My grad discovers joy, meaning of writing

My grad discovers joy, meaning of writing

Like many, my memories of becoming a parent for the first time are pretty seared into my brain, from the moment my wife gave me “the look” to the moment, three days later, we brought child No. 1 into our home for the first time, convinced none of us would survive the night. “Be sure you sleep when you can and be sure you breathe,” my mom said to me. It might be the best advice anyone has ever given me.

There was a moment during our hospital stay that I found myself holding the “baby burrito” — pink hat on head, pink mittens covering hands, and her body wrapped in the white cloth blanket covered with hot air balloons and light blue and pink striping on the ends, a blanket synonymous with hospital newborns.

A nurse was about to come snag her for a bit so Mom and Dad could get a little sleep, so I was taking in all the “baby’s head to dad’s shoulder” snuggles I could get. “Don’t you dare grow up too fast,” I found myself whispering into her half-dollar-sized ear. I knew then as the nurses carted her away, as I would guess all parents have felt, this kid would break our hearts.

Before nodding off for the newly parented power nap, my wife and I did some math — never a good thing, even when we are not tired — and realized this kiddo, in all likelihood, would be moving on in 18 years, aka 2023. A year that seemed a lifetime away in 2005, but I will be darned if I did not blink and here we gather, thanks to the thievery that is time, on the cusp of high school graduation.

An 18-year journey that I would equate to a whitewater rafting trip, minus the banjo playing, mind you: mostly calm, soothing moments filled with picturesque scenery, some intense rapids that could toss us off the boat at any time, yet always mindful and hopeful that when/if the inevitable waterfall arrives, the drop will not be too steep.

To be clear, 2023 is not a year we are, or have ever been, dreading. We are more than excited to watch her proverbial next steps, knowing the groundwork has been set, by countless individuals, for her to step into a world that needs her patience and grace, her sense of humor, and her critical thinking mindset.

But 2023 is not just about her, or her family, or her graduating class. Her story and the stories of all those about to head off into the great unknown become chapters in the greater scheme of things, albeit a chapter filled with life-changing but exciting moments.

Reading her senior column in The Wooster Blade, it became abundantly clear to me that a major reason she has reached this tassel-flipping moment is because of the people in her life who have helped her open a door or turn a corner, stop at a stop sign and/or press the gas pedal when needed.

Neighbors sharing their sidewalks and driveways for endless circular bicycle races that would make the most ardent Indy 500 fan jealous; medical professionals who want nothing more than both the physical and mental well-being for their patients, even when that patient has reached her wits’ end; a nonaggressive church family that allows for the questioning of ideas and waits patiently as discoveries about faith are made; coaches, the good ones and the not-so-good, who ignite passion and the spirit of competition; and teachers who instilled in her, from preschool to senior year, that of all the things we learn, writing well and allowing for self-expression and discovery are maybe the most important gifts we can give our students.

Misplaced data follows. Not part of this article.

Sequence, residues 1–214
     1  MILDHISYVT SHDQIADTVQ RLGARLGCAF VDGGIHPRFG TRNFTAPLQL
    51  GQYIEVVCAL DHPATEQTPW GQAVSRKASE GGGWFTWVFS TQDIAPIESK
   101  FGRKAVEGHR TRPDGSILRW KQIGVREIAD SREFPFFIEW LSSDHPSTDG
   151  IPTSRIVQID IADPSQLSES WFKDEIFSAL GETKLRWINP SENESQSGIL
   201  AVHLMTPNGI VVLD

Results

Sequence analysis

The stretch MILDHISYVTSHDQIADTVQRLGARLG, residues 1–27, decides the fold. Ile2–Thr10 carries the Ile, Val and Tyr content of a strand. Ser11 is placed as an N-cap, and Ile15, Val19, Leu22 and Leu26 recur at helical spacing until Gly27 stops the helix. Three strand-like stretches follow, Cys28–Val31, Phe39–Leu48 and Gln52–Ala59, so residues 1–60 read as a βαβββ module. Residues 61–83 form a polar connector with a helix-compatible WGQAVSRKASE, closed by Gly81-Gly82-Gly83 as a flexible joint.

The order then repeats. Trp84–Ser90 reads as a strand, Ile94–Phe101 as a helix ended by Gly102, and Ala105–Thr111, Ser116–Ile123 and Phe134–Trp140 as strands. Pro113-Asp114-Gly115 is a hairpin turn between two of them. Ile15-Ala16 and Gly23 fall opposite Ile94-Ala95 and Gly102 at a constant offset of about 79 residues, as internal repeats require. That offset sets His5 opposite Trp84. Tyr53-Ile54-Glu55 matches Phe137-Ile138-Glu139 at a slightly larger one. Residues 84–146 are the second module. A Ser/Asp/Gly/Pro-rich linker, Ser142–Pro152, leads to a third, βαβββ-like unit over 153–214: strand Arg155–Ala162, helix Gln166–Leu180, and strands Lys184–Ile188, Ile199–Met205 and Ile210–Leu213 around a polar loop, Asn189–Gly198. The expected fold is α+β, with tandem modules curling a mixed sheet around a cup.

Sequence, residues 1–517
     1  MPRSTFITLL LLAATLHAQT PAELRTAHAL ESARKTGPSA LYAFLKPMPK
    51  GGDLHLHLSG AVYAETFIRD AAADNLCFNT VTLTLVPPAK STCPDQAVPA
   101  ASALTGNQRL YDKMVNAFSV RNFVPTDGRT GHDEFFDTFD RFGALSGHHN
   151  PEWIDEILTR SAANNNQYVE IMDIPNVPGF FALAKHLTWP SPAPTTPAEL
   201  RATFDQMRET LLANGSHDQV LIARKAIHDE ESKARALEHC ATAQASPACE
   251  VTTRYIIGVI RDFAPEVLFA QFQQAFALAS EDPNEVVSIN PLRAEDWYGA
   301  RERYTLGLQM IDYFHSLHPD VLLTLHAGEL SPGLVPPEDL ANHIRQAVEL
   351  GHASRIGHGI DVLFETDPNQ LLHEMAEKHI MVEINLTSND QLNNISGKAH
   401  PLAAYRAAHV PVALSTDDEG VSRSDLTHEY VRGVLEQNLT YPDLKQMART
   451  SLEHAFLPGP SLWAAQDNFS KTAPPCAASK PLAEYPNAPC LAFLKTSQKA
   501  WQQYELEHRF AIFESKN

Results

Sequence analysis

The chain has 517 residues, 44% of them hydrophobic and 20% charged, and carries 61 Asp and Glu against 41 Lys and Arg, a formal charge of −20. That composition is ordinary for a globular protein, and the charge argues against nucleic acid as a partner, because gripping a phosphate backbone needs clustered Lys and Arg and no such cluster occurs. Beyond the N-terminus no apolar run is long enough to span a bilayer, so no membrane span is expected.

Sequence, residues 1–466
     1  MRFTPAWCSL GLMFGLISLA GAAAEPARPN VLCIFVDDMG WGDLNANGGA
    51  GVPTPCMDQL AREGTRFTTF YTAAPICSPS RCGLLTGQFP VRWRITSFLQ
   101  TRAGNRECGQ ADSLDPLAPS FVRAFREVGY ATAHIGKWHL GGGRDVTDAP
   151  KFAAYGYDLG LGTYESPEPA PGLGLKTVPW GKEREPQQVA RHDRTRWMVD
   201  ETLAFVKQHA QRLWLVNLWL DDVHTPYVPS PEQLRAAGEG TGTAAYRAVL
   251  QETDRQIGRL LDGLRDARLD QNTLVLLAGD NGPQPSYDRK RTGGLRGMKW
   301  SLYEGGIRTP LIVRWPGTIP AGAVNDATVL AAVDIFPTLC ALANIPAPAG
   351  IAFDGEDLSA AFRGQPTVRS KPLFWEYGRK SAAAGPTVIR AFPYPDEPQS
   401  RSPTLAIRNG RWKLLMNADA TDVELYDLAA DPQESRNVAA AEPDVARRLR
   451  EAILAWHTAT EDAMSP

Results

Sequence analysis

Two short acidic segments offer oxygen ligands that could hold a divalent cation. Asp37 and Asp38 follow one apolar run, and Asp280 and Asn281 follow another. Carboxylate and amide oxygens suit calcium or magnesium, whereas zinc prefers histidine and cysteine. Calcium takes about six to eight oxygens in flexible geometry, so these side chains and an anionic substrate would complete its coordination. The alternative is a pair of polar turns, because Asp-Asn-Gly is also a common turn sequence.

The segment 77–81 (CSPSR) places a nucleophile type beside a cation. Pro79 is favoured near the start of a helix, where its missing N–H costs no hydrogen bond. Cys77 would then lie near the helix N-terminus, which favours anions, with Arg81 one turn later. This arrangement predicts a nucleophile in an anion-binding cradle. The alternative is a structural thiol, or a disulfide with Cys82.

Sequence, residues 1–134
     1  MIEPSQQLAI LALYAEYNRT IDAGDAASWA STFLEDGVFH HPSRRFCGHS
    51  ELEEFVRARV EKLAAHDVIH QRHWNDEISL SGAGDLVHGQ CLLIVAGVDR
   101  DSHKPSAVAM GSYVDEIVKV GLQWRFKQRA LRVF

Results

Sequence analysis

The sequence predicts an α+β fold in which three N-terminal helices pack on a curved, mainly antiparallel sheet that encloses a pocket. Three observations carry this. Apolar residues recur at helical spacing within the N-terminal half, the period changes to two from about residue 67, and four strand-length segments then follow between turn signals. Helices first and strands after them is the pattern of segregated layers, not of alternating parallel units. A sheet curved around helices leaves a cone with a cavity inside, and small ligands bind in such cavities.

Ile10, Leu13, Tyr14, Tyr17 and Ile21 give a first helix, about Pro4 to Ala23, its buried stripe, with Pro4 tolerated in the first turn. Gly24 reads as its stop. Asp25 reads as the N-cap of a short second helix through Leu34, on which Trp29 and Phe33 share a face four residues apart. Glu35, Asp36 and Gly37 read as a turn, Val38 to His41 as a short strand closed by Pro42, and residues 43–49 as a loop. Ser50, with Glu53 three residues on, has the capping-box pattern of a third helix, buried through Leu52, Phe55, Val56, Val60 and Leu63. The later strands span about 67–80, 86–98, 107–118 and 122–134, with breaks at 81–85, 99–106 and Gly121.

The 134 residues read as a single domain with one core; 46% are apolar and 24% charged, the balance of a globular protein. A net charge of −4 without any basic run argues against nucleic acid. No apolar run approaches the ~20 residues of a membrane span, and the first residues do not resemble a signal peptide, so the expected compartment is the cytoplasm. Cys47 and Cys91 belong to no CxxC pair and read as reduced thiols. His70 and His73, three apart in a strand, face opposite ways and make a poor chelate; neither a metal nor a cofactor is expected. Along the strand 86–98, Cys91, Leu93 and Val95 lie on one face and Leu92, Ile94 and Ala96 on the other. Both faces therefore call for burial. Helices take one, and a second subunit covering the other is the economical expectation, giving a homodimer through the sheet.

Her senior Blade column was honest and raw, as were her fellow newspaper colleagues who wrote of memories made, experiences had, difficult times and life realizations that are made all the easier because of the friends who walked along beside them, in some cases since their school-age stories began.

What we may fail to make obvious to our students is writing about experiences — meaningful writing, not the kind that can be sent in a tweet or a snap or a text — captures what they are experiencing and feeling in this given moment. And what a gift that is for family and friends as well.

Years from now, with just a few marbles left rolling around in my head, how grateful will I be to the students who took it upon themselves to share a note or two about their time in classrooms, hallways or in the PAC, or those who simply wanted to share a bit of themselves to pause and reflect so that years from now their writings will show a little bit about who they were in their brief time spent as young adults?

Upon its creation, writing is the most private of educational experiences because, once introduced, it is one of the few skills students do alone in a classroom. And sometimes, it only has to be sent into the world if the writer chooses to do so — a risk I know many students worry about because writing well is hard. They need reminded while that may be true, personal reflection is not.

So now we are passing that “baby burrito” off to others, all of whom I am sure will play vital roles in shaping her thinking and well-being. It seems fitting she is attending a self-proclaimed “writing school” — there is assured parental contentment in that.

But as this chapter closes, I would be remiss if I did not say I am forever grateful to the many people who gave my daughter and many of her friends and classmates the courage to use writing in the most personal of ways, as a tool for discovery and a pathway to healing.

Brett Hiner is an English/language arts teacher at Wooster High School, where he also serves as the yearbook advisor and Drama Club advisor/director. If he’s not at work or doing something work related, he is typically annoying his children and/or wife. He can be emailed at

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